Windows Installer custom actions, UAC and elevation

We had a problem this week where a merge module from a third party was causing our installer to fail under UAC.

The installation was being elevated, but the custom actions (which were doing things such as file system and registry operations) were still failing due to security exceptions.

The root cause was that the merge module contained custom actions that were still not being run under the elevated account.

The reason behind this is a common one when scheduling deferred actions; the custom action must have the Impersonate flag set to false.

You can do this in WiX code by setting Impersonate to No:

<CustomAction Id="RegisterAspNet4" BinaryKey="WixCA" DllEntry="CAQuietExec"

Execute="deferred" Return="check" Impersonate="no"/>

The documentation in WiX on the Impersonate attribute reads (emphasis mine):

This attribute specifies whether the Windows Installer, which executes as LocalSystem, should impersonate the user context of the installing user when executing this custom action. Typically the value should be ‘yes’, except when the custom action needs elevated privileges to apply changes to the machine.

Being a third party merge module, we had to fix this ourselves by opening up Orca and setting this flag manually.

You can do this by looking at the CustomAction table, finding your custom action in the list, and checking the Type field.

The Type field is a field full of flags, and will show up as a decimal number e.g. 1025.

If you open up Windows Calculator, switch to Programmer (View > Programmer or Alt+3), choose Decimal and enter the number, you can check the bit fields:


The first bit is set to signify it as an In-Script Execution custom action (type 1).

The 11th bit is set to signify Deferred execution (i.e. instead of running immediately, we schedule when the installer should run our custom action).

The 12th bit (the one I’ve highlighted) is the one that turns off impersonation; this is the bit we need to flip on to disable impersonation for this custom action, so that it runs with elevated privileges.

Being the twelfth bit, that is a value of 2048, so we can just add that to our value, giving us 3073:


You can see the No Impersonate bit is now flipped.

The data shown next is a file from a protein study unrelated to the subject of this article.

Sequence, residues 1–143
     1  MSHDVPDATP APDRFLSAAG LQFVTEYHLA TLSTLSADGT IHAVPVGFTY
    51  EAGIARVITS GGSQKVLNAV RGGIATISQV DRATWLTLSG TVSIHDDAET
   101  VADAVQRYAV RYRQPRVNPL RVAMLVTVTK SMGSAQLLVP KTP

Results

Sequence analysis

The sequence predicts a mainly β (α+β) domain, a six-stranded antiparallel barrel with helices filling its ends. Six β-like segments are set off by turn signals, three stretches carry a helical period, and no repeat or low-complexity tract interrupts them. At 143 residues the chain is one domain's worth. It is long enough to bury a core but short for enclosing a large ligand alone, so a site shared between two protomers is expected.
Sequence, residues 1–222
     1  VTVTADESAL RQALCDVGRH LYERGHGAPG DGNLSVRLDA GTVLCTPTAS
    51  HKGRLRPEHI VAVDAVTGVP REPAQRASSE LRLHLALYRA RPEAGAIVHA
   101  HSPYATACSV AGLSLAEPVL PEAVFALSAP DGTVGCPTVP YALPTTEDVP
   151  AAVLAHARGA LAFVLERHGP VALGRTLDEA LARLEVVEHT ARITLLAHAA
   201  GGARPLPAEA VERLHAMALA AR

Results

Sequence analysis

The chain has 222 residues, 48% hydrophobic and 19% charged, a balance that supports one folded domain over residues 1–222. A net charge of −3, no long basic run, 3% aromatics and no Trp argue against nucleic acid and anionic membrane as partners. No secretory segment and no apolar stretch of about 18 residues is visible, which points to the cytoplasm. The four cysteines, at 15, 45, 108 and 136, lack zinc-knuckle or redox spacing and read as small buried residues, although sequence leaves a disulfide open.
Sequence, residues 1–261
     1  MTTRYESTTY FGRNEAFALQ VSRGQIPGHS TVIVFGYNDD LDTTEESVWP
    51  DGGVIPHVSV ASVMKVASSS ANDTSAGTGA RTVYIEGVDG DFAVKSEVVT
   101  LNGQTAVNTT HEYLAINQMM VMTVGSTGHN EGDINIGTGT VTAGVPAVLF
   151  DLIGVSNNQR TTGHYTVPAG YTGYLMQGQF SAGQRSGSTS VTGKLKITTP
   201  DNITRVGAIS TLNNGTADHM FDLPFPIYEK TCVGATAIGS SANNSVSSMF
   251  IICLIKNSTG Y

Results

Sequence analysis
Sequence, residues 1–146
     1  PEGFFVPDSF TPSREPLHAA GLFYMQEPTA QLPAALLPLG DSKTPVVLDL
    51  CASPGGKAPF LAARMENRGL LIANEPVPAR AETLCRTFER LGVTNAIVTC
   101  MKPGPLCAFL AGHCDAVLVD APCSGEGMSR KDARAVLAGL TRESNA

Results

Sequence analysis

You can now update the value in Orca and save the merge module (or create a transform).


UAC in MSI Notes: The NoImpersonate Bit Mistake 

Custom Action In-Script Execution Options (Windows)

HOW TO: Detect if the Visual C++ 2010 redistributable package is installed with WiX

As noted by Aaron Stebner, there is now a registry key you can search for to detect if the Visual C++ 2010 redistributable package is installed a machine, when installing your application.

There are 3 different (but very similar) registry keys for each of the 3 platform packages. Each key has a DWORD value called “Installed” with a value of 1.

  • HKLMSOFTWAREMicrosoftVisualStudio10.0VCVCRedistx86
  • HKLMSOFTWAREMicrosoftVisualStudio10.0VCVCRedistx64
  • HKLMSOFTWAREMicrosoftVisualStudio10.0VCVCRedistia64

Here’s an example of using this in WiX, detecting the presence of the x86 version of the redistributable:

<?xml version="1.0" encoding="utf-8"?>
        <!-- Visual C++ 2010 x86 -->
        <Property Id="HASVCPP2010">
        <RegistrySearch Id="HasVCPP2010Search" Root="HKLM" Key="SOFTWAREMicrosoftVisualStudio10.0VCVCRedistx86" Name="Installed" Type="raw" />
    <Condition Message="This application requires Microsoft Visual C++ 2010 Redistributable Package (x86).">Installed OR (HASVCPP2010)</Condition>

When someone runs your installer and they don’t have this package installed, they will get something like this message box when the installer initializes:


It’s a good idea to have a setup bootstrapper that automatically installs this package if it’s missing, but this WiX snippet is a good safe-guard for if someone directly runs your MSI.


HOW TO: Debug a Windows Installer custom action


  • Determine the name of the custom action you want to debug
  • Ensure you have the source code and debug symbols for your custom action


  1. Set the MsiBreak environment variable (user or system) to the name of the custom action. For example:

    Setx MsiBreak MyCustomActionName

  2. Run your installer
  3. At the point where your custom action is about to run, you should get this message box prompt:

  4. Now you can use Visual Studio or another debugger such as WinDBG to attach to the specified process.
  5. Click OK on the message box
  6. This should break into your debugger. This is a good time to set your breakpoints in your custom action code.
  7. When ready, run/continue the debug session.
  8. Your custom action should run and your breakpoint(s) will be hit.


Debugging Custom Actions @